Albert Einstein & The Science of Solar Power

Albert Einstein is famous for revolutionizing physics with his Theory of Relativity. But did you know Einstein also discovered the science behind the solar technology now revolutionizing the way we produce energy?

In fact, Einstein was awarded his Nobel Prize, not for his famous equation E=MC2, but for the groundbreaking theory of light he developed to explain something called the Photoelectric Effect.

And the Photoelectric Effect just so happens to be the scientific process that makes it possible to turn sunshine into a cost-free, clean, and renewable source of energy. 


A Mysterious Novelty

Though it literally took an Einstein to explain the science of solar power, the sun’s capacity to generate electricity was discovered by a mere teenager forty years before Albert was even born! In 1839, a 19-year-old French researcher named Edmond Becquerel exposed a conducting solution containing metal electrodes to sunlight. For some strange reason, a small electric current was produced.

Fascinating as it was, no one could explain how Becquerel’s apparatus worked and it produced too little energy to be anything more than an interesting novelty. 

Scientists didn’t get a glimmer into the underlying process until almost 50 years later when, in 1887, a physicist named Heinrich Hertz discovered the Photoelectric Effect. 

But Hertz’s findings turned out to be as disturbing as they were enlightening.


The Photoelectric Effect

Hertz discovered that when a metal surface is exposed to light of a high enough frequency, it emits electrons that are “knocked” free from the atoms they orbit by the light’s energy. Until Einstein came along, however, no one could make any sense of what sometimes happened when Hertz altered the experimental conditions.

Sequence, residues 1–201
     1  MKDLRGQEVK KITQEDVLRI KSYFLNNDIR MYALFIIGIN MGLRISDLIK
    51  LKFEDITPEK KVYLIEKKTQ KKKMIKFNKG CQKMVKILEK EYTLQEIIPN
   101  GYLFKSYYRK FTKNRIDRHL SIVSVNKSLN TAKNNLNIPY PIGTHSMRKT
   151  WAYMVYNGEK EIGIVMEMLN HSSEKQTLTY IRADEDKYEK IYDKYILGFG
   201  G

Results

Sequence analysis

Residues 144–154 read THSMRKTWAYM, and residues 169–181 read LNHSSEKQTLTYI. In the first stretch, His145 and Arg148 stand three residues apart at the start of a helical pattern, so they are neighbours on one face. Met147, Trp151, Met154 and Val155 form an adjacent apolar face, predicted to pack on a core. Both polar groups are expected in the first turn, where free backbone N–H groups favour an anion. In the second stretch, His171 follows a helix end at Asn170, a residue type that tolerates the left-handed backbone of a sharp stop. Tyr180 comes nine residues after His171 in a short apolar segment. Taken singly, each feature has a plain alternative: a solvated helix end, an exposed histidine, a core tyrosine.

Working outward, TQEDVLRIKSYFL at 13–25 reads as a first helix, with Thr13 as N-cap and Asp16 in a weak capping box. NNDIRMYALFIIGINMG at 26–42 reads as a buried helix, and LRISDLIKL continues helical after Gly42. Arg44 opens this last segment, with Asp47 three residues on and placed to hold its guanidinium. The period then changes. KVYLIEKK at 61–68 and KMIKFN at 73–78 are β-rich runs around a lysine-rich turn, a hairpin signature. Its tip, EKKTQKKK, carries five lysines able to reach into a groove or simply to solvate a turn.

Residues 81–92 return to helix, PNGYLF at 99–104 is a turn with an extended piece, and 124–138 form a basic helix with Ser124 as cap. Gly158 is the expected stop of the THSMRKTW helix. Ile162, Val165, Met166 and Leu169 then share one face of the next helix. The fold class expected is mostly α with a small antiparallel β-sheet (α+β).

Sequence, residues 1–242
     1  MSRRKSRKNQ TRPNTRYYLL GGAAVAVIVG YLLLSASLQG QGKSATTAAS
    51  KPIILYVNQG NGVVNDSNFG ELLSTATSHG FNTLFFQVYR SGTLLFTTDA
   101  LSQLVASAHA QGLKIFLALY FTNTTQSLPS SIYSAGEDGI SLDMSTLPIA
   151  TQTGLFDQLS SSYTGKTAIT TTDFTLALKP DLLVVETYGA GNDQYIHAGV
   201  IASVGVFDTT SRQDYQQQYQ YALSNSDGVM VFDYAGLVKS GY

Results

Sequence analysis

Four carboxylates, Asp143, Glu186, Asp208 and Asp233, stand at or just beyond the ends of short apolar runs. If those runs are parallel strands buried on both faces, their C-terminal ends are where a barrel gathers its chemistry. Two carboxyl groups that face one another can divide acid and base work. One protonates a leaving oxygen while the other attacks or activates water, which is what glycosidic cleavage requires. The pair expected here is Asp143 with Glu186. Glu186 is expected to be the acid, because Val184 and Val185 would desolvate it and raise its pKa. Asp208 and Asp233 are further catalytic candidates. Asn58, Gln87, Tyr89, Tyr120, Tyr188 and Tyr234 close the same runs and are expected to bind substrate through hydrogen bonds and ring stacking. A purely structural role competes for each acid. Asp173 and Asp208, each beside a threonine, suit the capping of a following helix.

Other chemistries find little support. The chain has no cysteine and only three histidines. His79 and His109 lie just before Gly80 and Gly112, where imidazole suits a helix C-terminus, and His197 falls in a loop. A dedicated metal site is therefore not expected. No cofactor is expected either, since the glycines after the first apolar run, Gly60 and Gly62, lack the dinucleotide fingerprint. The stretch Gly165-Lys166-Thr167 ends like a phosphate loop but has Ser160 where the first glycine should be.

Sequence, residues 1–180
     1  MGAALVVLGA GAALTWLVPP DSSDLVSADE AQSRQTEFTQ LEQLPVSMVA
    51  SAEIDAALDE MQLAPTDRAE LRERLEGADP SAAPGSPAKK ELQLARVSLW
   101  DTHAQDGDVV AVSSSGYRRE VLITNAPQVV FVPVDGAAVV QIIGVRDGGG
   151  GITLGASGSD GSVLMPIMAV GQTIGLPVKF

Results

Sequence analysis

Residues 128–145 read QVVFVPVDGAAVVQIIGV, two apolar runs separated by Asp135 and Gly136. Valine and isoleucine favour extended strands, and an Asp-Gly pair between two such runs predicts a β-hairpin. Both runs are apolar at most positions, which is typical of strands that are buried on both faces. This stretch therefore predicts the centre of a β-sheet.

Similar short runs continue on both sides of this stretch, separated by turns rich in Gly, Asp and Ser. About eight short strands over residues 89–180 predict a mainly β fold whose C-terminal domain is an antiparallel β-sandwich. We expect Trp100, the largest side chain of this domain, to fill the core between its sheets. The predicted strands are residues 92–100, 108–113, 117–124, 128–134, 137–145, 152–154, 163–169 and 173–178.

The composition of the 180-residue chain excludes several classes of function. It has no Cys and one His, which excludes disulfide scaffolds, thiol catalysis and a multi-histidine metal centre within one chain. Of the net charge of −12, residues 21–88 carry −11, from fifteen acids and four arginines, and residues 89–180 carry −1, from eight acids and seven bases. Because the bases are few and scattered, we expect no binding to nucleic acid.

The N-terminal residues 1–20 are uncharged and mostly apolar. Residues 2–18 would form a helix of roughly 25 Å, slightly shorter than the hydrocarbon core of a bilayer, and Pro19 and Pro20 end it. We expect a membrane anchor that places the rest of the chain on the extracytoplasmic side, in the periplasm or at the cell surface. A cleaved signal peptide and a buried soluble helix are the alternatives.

The theory then accepted as settled science was that light travelled as a continuous electromagnetic wave. So, because the light’s energy was transmitted in an uninterrupted flow, even if its frequency was just a little too low to immediately break any electrons free, increasing the light’s intensity or the amount of time it struck the metal ought to yield the slight energy boost required to do the job without upping its frequency.

The problem was that neither the intensity of the light nor the length of time the metal was exposed mattered. If the light was above a certain frequency, electrons were emitted as soon as it struck the metal. But, if the frequency was even the smallest fraction too low, no matter how long you exposed the metal or how much more intense you made the light, for some reason you could never accumulate the little bit of extra energy needed to break even a single electron free.


Einstein Discovers Photons

In 1905, Einstein shattered scientific consensus by showing that Hertz’s data meant light isn’t simply a continuous wave. Instead, though it resembles a wave in certain respects, light is composed of a series of separate moving particles called photons. 

When light strikes  a metal surface, the energy carried by the first photon impacting an electron is either sufficient to knock it free or not. If it is, the electron is emitted from the metal surface immediately. But only one photon can impact an electron at a time. So, if the energy in that first photon is even slightly below the amount required to free the electron, hitting it with another photon won’t help unless you give it enough energy to free the electron all by itself by upping light’s frequency.

Increasing the light’s intensity just meant that more photons each with too little energy to knock the electron free would be hitting it in a given period of time. Letting the light strike the metal for a longer period of time would likewise only increase the number of insufficiently energized photons uselessly striking the electron.

Einstein showed that light was both a wave and a particle and, importantly, the complex mathematical relation between its frequency  (as a wave) and the amount of energy carried by its photons (as a particle). 

The precise scientific understanding Einstein gave us eventually helped engineers design the solar panels that more and more people are using every day. They maximize and efficiently channel the energy produced by the Photoelectric Effect, creating a clean, renewable, and cost-free source of energy for your home.

Next time, we’ll talk about how today’s solar panels are designed to achieve those benefits.

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